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December 09, 1916 - Image 4

Resource type:
Text
Publication:
The Michigan Daily, 1916-12-09

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Iifm ILI
FOREIGN SERVICE

cern Picks Students from Leading
Universities and Colleges for
Practical Courses
,everal years ago the National City
ik of New York established a sys-
x by which 30 or 40 young men are
ked yearly fror 20 of the leading
versities and colleges of the coun-
and placed in the bank's foreign
nch training classes, from which
vacancies in their foreign service
supplied with new men.
the opportunity is afforded a lim-
d number of students and graduates
ominended by selected universities,
prepare for positions of responsi-
fty abroad. These positions have
n created by this bank in its ef-
t to develop a foreign service suit-
.e to the needs of American busi-
ss.
[he development of American for-
'n commerce and its advancement
er the war, in face of the keen com-
;ition which may be expected, de-
tds that American business inter-
s in the foreign foelds be conducted
Americans. Years ago the Eng-
h and Germans recognized the prin-
le that a lasting foreign trade is
>endent upon the exportation of
n fully as much as as the exporta-
n of commercial products and cap-
. Most of all, the development of
erican foreign commerce depends
>n the character and training of the
n who are to carry on the work.,
Bank Needs Young Men.
'ollowing the successful example of
German ad English banks, the
tlional City bank, in the establish-
it of its branches in South Amer-
endeavored to select only young
ericans for its service. The dif-
lty of findingyoung men properly
fed. to fill these positions of re-
nsibility abroad was at once met
the bank's plan.
oung men are needed who are
ling to devote their lives to plac-
American foreign trade on a sub-
ntial basis, who know the language
1 the customs of the country where
y. will be stationed,' who can ac-
re the foreigners' manner of doing
iness and at the same time can re-
i their loyalty to the United States
1 develop American commerce.
.fter investigating the situation
efully the bank decided that it was
essarysto work out certain prac-
il courses of study and to create
it in effect is a school of its own,
the purpose of training young men
ng practical banking lines.
Plan Proes Successful.
'he success of the first two years'
erience in bringing a group of col-
s-trained men into the bank, has
to the continuation of the plan
reby the facilities of the National
f bank may be used in further co-
rating with the various py iver-
es of the country, in fitting young
i for the banking field.
he universities recommend an-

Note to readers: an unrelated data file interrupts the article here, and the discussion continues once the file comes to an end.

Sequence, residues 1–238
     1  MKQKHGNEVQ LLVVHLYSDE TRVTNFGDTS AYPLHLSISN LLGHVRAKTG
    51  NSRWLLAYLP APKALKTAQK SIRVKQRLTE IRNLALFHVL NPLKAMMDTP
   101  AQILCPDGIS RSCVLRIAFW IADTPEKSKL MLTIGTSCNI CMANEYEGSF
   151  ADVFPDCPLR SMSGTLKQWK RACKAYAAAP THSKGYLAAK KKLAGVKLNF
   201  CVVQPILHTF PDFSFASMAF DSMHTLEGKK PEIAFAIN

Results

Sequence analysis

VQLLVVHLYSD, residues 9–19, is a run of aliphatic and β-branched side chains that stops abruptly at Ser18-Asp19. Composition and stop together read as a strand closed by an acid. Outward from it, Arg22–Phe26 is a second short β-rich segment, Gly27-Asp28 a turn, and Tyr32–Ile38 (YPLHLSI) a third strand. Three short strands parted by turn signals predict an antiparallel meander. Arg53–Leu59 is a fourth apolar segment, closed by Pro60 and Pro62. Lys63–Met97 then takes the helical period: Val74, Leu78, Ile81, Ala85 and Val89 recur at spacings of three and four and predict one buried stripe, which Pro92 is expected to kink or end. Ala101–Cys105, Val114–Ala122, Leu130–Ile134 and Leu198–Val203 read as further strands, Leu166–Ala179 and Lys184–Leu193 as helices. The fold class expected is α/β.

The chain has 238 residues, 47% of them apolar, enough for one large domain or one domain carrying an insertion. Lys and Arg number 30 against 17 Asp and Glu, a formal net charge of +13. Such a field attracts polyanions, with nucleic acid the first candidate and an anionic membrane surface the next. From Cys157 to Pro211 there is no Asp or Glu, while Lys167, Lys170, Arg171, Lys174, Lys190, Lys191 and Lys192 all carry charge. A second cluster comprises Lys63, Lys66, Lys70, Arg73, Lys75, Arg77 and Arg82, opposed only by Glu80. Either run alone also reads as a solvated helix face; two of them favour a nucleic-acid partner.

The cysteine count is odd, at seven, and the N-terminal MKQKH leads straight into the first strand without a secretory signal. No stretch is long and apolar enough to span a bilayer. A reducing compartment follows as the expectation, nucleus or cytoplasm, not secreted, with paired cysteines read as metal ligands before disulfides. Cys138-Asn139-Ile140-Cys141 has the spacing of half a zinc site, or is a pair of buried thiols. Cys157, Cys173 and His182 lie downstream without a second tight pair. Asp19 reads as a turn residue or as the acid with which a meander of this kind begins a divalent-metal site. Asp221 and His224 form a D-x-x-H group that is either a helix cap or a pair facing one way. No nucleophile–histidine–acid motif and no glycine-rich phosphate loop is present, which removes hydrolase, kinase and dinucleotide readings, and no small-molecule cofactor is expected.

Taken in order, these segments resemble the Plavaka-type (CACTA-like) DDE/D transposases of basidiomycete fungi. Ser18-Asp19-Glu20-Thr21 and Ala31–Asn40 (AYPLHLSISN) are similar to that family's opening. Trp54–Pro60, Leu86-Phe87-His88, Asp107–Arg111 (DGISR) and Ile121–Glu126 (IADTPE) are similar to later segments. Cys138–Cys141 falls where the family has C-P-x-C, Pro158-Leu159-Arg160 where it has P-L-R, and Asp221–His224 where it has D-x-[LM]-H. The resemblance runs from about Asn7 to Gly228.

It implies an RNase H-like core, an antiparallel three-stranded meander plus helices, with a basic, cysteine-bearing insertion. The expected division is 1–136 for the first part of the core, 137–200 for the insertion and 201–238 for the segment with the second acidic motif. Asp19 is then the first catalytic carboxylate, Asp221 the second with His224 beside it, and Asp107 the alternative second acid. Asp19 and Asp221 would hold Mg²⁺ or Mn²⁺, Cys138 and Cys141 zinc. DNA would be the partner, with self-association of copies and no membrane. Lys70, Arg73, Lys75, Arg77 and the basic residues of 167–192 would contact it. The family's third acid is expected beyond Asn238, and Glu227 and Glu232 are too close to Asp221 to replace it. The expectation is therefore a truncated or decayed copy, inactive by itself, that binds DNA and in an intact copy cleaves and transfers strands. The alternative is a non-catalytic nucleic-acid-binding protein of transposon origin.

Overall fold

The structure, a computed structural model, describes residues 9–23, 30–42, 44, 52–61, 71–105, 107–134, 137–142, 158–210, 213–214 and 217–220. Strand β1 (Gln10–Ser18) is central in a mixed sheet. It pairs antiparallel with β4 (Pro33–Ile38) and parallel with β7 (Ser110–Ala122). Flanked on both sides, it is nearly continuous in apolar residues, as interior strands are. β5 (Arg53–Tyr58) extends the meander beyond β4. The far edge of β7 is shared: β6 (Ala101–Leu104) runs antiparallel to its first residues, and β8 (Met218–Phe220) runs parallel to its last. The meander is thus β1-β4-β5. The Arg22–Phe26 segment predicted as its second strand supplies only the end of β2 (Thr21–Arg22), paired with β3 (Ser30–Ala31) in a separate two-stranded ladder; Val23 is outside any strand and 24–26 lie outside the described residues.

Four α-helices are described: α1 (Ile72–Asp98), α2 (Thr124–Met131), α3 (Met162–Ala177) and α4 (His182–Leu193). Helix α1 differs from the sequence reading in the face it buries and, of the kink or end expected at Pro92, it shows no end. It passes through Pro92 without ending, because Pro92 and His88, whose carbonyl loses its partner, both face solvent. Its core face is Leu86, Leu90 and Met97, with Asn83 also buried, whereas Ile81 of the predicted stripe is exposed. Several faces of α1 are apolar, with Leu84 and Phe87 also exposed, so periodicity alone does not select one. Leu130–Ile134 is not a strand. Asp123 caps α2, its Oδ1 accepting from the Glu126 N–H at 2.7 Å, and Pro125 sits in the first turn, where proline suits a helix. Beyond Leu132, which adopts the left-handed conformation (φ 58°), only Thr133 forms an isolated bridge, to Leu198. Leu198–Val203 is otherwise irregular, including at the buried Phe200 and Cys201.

Mly, under some competitive system
will insure the nonination of the
qualified men, three seniors and
e sophomores or juniors to enter
bank's two training classes. The
:t classes will begin about June 20,
7. The selection of men by the
k is based on character, scholar
, personality, practical experience,
personal references. A knovledge
anguages and experience in bank-
receive special consideration.
. is the opinion of the bank that in
ging the men recommended, char-
r and personality should count for
per cent, and university training
practical experience 50 per cent.
,l selections will be made only
n those who have been interviewed
an officer of the bank, either in
v York City or in some other con-

lent place. Allapplications by
higan men for these positions must
presented to Professor George W.
vrie of the economics department,
not to the bank.
Students Apportion Time
tudents accepted by the bank will
ortion their year's time in the fol-
ing ways:
raduates will spend one continu-
year at the bank, beginning on or
ut June 20, 1917. Sophomores will
nd two summer vacations at the
k and the remainder of their train-
course will consist of six months
:he bank immediately after gradua-
n. Juniors will spend one summer
ation at the bank and will com-
te their course by spending nine
aths at the bank immediately after
duation.
THE BEST XMAS GIFT
or the folks at home is a magazine
scription. (OltlDER BEFORE YOU
1101O E.
tofflet's Newstand, 110 E. Wash.
tu-eod

MAOR OF LAKE FOREST
TO TALK ON UH6.NAVY
1. i h Lewis, Preparedness Advocate,
Lectures in Science Building
Wednesday
William Mather Lewis, mayor of
Lake Forest, Ill., will give a lecture
with stereoptican views on the "His-
tory of the United States Navy," Wed-
nesday evening in the auditorium of
the Natural Science building.
Mr. Lewis is a strong advocate of
preparedness and is the one who orig-
inated the idea of summer cruises on
the United States battleships for the
young men of the country. He will
lecture under the auspices of the Navy
league and the Ann Arbor chapter of
the National Security league.
The two divisions of the naval re-
serves which have been organized at
the University will attend in a body,
and seats will also be reserved for the
members of the infantry company
which is now drilling regularly on
the campus. There are a number of
members of the Navy league in Ann
Arbor, and opportunities will be given
at the lecture for others to join.
The educational campaign of this
association together with National Se-
curity league is responsible for the
successful naval bill passed by the
last congress.
At noon of the day of the lecture,
Mr. Lewis will be the guest at
luncheon of the Rotary club of Ann
Arbor in connection with which he
will give an address.
1ROt l'^ 1)DOF PROF. ThIEME'S
BOOM 'TO All) FREN(NCHI1EN
Prof. Hugo P. Thieme, of the French
r epartment, has published a volume
on "French Versification" and the en-